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Bringing Joy Back to Your Homeschool with the Charlotte Mason Method






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We have been homeschooling since the beginning. I was one of those moms who actually spoke the words, “I could NEVER homeschool my children!” A few months later, we began our journey….using a “boxed curriculum.” It didn’t take long to figure out that this all-in-one set was not for us.

Over the years we moved from one approach to another, tried this and that – and it wasn’t working for us. I was labeled eclectic, but I felt like it was more appropriate to call me indecisive. Jumping from curriculum to curriculum was leaving holes and causing much frustration for my daughter.

After dabbling in a Charlotte Mason co-op for one semester last year, I thought maybe that style of schooling could work for us, at least some aspects of it. This year, for seventh grade, we took the plunge!

Bringing the Joy Back to Our Homeschool

We are using Charlotte Mason style curriculum for language lessons, copywork, spelling, vocabulary, and history. For the first time since kindergarten (you know, when doing school is FUN!), my daughter has not complained about any of her schoolwork. She has even WORKED AHEAD at times!

If that sounds normal to you (your kids not complaining about school & working ahead), then let me clarify our situation. We had tears! Lots of tears–from both of us! School was a fight because she didn’t want to do it. She didn’t get it. I was overwhelmed with a toddler and working from home. She would shut down, I would freak out (and repent later). This cycle was building an environment that made her and me both dislike homeschooling.

Incorporating the Charlotte Mason principles into our schooling has brought the joy back into our homeschool! She has learned to enjoy poetry, picture study, and copywork, none of which was included in previous curricula that we used. Her penmanship is beautiful and she has learned so much!

This gentle approach to learning has been so refreshing for us! Before, I thought that finishing EVERYTHING would equate to her learning more, which actually had the opposite effect. She would shut down. The repetition was so daunting to her that she actually would freeze up and forget everything she was doing.

Learning little “nuggets” of facts seem to stick a lot better than cramming a bunch of info in just to get the lesson done.

This fall I will have a 4-year-old who is REALLY looking forward to preschool. I plan on using the Charlotte Mason Style Curriculum that I started using this year with my middle-schooler. I am hoping to instill a love of learning “little nuggets” with her rather than doing a bunch of unnecessary, repetitive practice problems everyday!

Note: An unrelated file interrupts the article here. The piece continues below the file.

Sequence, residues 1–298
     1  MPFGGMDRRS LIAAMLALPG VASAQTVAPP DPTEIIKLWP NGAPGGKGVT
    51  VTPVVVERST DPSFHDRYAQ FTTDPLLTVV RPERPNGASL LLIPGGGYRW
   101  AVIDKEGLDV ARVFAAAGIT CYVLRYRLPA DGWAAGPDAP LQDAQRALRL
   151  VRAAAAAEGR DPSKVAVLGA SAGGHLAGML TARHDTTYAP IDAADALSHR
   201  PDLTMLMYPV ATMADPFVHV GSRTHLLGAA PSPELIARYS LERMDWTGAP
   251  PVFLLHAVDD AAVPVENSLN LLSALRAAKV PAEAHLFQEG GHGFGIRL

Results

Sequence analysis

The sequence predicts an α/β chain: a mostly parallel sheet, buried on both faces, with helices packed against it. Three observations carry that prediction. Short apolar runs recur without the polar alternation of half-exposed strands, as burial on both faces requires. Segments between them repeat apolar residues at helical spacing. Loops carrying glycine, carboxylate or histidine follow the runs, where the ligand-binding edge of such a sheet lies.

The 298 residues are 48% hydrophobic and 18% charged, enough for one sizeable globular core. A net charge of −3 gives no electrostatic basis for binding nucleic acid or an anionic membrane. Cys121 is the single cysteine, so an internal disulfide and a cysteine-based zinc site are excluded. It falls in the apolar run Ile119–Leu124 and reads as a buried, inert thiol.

So Is It Enough?

Yes! It is absolutely enough! My seventh grader has learned more using this gentle approach than she did when we finished all of the “assigned” worksheets. Next year, we might even add living math to our studies!

A scheduling method of homeschooling called Sabbath schooling saved us from burnout. Click here to read all about it!

What if you don’t love nature studies? Isn’t that a part of the Charlotte Mason Method of schooling? Read my post here that discusses that.



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About Carlie Kercheval

Carlie Kercheval is a happily married stay-at-home homeschooling mom. She and her college sweetheart have been blessed with 3 precious children to raise while traveling the world as a military family. Carlie is the founder of Today's Frugal Mom™, So You Call Yourself a Homeschooler?™ and Managing Your Blessings. Carlie and her husband co-author the Learning to Speak Life™ family Bible studies and together they co-host the Learning to Speak Life™ Radio Show. When she is not busy enjoying her family and the great outdoors, you can typically find her cozied up somewhere under a blanket with a good book. You can connect with her on Facebook, Pinterest, and Twitter.

Comments

  1. I was looking into this last night as someone had mentioned it to me and I am glad they did. I am seriously considering using this approach with both my kids. My son hates the thought of doing work now there is some stuff that he does like and work well with and I probably won’t change that. I have to read more about it and look at the curriculum and the approach and see how we can apply it. I am seriously considering using this with my daughter who is in Kindergarten.
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